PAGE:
Because Columbia's affirmative defenses are potentially dispositive of this case, we'll start there. Columbia argues that the jury wrongly rejected its acquiescence and abandonment defenses. We can make short work of the acquiescence defense because Columbia failed to move for a directed verdict on that issue. As the district court pointed out during its review of Columbia's post-trial motion, that is a prerequisite to judgment as a matter of law. See McCarty v. Pheasant Run, Inc., 826 F.2d 1554, 1555-56 (7th Cir.1987) (citing Fed.R.Civ.P. 50(b)). Columbia does not address this problem. We've examined the record ourselves and can't find any sign that Columbia made an oral or written motion regarding acquiescence. Under these circumstances, Columbia has waived review of this issue.
Zelinski had more than his own say-so to rebut Columbia's presumption of abandonment. Specifically, he relies on the Gentiluomo lawsuit. While Zelinski did testify that he thought the lawsuit was frivolous and fraudulent, the jury could still have reasonably found that he was concerned about it having a significant financial impact on his business. This is particularly true when the jury was aware that the suit had enough substance that it was still lingering on at the time this case was tried. Although the Gentiluomo suit didn't stop Columbia from making bowling balls, a jury could conclude that a small company might be more cautious than Columbia, one of the world's largest bowling ball producers. In addition to explaining his non-use, Zelinski demonstrated that he intended to resume using the Pin Breaker mark. Starting in 1997, Zelinski discussed producing Pin Breaker balls with two other bowling ball companies. So, while Columbia does have some evidence to support its abandonment theory, the evidence the jury heard was not so one-sided that the only conclusion it could have reached was that Zelinski abandoned his mark. The jury had a reasonable basis to reject Columbia's abandonment defense.
Although Columbia's affirmative defense arguments haven't gone anywhere, it has another weapon in its arsenal. Columbia argues that Zelinski isn't entitled to the monetary damages he received for corrective advertising and lost royalties. To recover damages, Zelinski must show that the violation caused actual confusion among his customers and, as a result, he suffered actual injury. See Web Printing Controls Co. v. Oxy-Dry Corp., 906 F.2d 1202, 1205 (7th Cir.1990). Columbia finds Zelinski's evidence of actual confusion and actual injury lacking and also questions the quality of his expert testimony.
Zelinski's testimony of actual confusion is not overwhelming (two people saw Columbia balls in Pin Breaker boxes and were possibly confused about Pin Breaker's relationship with Columbia). But under the circumstances of this case, it is sufficient. Columbia sold balls labeled Pin Breaker in Pin Breaker boxes. Columbia wasn't mentioned anywhere on the box. Why would a customer think he purchased anything other than a Pin Breaker ball? Columbia argues that Zelinski was not manufacturing or selling new balls when it sold balls under the Pin Breaker label. There is no reason, however, the average customer would have been aware of this fact. The jury is entitled to use its common sense to reason that purchasers of Columbia's Pin Breaker balls were deceived. This is particularly the case when no amount of inspection would have revealed that Columbia—not Pin Breaker— manufactured the balls. See Getty Petroleum Corp. v. Island Transp. Corp., 878 F.2d 650, 656 (2nd Cir.1989) (proof of actual confusion unnecessary when non-Getty gasoline was sold to consumers under the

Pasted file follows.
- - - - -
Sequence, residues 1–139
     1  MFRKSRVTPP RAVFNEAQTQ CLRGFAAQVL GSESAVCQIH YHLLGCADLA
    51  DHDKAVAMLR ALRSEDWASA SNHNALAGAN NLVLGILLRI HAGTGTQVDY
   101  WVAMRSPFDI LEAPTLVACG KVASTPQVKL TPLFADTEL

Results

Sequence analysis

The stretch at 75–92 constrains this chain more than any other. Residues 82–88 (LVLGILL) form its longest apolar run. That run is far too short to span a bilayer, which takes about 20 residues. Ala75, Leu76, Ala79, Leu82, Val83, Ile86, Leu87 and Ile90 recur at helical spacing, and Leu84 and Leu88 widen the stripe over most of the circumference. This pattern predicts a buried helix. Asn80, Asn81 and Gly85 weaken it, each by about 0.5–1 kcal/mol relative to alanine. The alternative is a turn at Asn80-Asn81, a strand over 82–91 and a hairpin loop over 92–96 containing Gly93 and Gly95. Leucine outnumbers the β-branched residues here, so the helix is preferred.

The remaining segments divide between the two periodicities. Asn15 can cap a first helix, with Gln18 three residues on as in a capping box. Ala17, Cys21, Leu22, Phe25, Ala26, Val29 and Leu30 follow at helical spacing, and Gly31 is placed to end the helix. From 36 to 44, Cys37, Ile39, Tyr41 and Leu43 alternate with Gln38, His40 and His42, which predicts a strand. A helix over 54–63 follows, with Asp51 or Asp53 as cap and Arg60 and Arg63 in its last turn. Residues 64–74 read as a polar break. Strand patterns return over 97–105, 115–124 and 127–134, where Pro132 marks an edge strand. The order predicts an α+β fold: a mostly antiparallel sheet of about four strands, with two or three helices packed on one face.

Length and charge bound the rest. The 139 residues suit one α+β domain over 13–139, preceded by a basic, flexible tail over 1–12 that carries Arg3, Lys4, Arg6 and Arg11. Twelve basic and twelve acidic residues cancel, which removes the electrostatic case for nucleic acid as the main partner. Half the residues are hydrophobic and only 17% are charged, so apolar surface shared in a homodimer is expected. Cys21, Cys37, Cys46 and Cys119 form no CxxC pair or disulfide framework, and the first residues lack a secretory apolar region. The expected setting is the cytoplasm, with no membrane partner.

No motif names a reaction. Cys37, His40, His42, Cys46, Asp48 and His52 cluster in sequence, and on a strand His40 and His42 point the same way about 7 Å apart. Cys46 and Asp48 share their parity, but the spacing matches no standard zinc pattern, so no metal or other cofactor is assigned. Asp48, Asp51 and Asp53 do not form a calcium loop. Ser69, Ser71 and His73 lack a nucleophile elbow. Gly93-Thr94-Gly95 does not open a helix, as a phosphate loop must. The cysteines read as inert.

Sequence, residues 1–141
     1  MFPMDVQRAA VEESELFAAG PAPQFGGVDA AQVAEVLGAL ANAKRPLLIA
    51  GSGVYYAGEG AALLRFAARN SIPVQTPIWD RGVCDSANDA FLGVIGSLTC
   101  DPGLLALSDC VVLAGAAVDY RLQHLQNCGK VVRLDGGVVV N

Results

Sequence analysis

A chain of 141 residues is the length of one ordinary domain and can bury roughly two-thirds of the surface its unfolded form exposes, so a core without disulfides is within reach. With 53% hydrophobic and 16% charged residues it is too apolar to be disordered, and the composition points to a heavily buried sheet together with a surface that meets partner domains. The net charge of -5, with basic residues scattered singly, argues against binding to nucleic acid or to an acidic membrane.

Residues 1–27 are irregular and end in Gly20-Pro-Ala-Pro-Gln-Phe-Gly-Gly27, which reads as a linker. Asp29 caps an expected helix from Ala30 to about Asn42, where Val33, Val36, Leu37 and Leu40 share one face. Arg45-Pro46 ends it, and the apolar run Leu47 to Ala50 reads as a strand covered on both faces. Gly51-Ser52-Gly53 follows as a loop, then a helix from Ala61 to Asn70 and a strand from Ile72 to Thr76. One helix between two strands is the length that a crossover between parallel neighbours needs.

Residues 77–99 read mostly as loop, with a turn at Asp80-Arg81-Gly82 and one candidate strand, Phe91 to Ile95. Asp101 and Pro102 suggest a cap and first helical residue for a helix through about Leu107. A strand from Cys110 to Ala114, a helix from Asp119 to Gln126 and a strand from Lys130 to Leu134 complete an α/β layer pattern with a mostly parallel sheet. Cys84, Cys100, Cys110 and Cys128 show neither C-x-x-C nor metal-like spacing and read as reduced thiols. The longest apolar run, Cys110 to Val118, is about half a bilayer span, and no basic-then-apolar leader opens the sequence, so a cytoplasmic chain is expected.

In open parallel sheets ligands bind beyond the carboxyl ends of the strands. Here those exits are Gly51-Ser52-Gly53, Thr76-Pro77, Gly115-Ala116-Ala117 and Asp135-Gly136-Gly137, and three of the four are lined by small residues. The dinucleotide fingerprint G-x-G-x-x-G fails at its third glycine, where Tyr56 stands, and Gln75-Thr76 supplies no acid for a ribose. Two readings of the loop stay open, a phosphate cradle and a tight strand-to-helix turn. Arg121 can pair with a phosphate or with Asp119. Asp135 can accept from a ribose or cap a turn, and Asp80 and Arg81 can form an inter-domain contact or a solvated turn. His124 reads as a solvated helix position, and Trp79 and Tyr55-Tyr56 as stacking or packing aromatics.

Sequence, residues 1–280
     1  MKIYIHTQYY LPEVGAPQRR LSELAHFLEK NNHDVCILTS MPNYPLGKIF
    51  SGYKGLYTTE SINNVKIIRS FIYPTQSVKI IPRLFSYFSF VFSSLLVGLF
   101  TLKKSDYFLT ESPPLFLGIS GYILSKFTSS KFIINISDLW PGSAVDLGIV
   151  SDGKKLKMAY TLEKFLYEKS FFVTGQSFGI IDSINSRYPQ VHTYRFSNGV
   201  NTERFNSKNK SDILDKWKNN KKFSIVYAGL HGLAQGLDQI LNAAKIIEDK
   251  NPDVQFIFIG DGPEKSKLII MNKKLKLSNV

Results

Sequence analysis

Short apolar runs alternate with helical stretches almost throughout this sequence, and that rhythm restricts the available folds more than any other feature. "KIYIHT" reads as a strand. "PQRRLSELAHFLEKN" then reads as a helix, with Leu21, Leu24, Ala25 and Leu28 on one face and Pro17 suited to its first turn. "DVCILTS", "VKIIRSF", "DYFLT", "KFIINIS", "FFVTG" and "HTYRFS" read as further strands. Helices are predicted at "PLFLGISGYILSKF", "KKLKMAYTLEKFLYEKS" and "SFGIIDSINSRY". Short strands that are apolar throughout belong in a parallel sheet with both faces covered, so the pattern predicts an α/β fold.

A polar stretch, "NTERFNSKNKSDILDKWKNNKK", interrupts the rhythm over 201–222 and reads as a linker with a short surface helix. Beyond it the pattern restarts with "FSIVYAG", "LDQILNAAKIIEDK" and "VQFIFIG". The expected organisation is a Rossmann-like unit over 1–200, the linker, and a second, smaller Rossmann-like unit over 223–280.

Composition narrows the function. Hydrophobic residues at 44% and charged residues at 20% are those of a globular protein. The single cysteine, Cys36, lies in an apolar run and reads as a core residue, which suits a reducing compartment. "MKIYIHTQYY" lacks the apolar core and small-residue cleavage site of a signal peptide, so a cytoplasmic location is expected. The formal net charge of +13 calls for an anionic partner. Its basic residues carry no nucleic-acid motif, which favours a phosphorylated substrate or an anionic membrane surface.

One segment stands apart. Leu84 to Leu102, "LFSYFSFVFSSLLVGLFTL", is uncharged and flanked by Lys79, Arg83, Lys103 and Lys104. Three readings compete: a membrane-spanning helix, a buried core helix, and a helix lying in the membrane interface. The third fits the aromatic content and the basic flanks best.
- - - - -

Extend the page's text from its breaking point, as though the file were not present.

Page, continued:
Columbia's next argument is that Zelinski hasn't suffered an actual injury because he isn't producing anything now and wasn't producing anything at the time of Columbia's infringement. At trial, Zelinski argued that he was injured because he lost royalties and will have to spend money on corrective advertising. Lost royalties aren't dependent on Zelinski's current production status. Corrective advertising to rehabilitate an unused mark may seem unnecessary, but Zelinski intends to resume use of his mark. The jury could reasonably find that Zelinski was actually injured.
Columbia's last shot at the damages issue takes aim at the testimony of J. Timothy Cromley, Zelinski's damages expert. Columbia contends that the district court should not have admitted his testimony—a decision we review only for abuse of discretion. See Bourelle v. Crown Equip. Corp., 220 F.3d 532, 535 (7th Cir. 2000) (citing Kumho Tire Co., Ltd. v. Carmichael, 526 U.S. 137, 119 S.Ct. 1167, 143 L.Ed.2d 238 (1999)). Daubert v. Merrell Dow Pharmaceuticals, Inc., 509 U.S. 579, 113 S.Ct. 2786, 125 L.Ed.2d 469 (1993), requires judges to determine that scientific testimony offered under Federal Rule of Evidence 702 is both relevant and reliable, 509 U.S. at 589, 113 S.Ct. 2786, an inquiry required also for technical and other specialized expert testimony, Kumho Tire Co., Ltd., 526 U.S. at 149, 119 S.Ct. 1167. To gauge reliability, the district judge must determine whether the expert is qualified in the relevant field and whether the methodology underlying the expert's conclusions is reliable. See Smith v. Ford Motor Co., 215 F.3d 713, 718 (7th Cir.2000).
The relevance of Cromley's testimony and his qualifications are not in dispute. Columbia only quibbles with three aspects of his methodology. First, Cromley conceded that the cost of corrective advertising would be the same no matter how many bowling balls Columbia sold under the Pin Breaker name in Korea. This is correct. The number of infringing balls sold effects the reasonableness of an expansive corrective advertising campaign, but it doesn't effect the costs of running rehabilitative ads in trade magazines. In this case, it wasn't unreasonable for Cromley to recommend a corrective advertising campaign when Columbia sold slightly over 3,000 balls in Korea and Taiwan.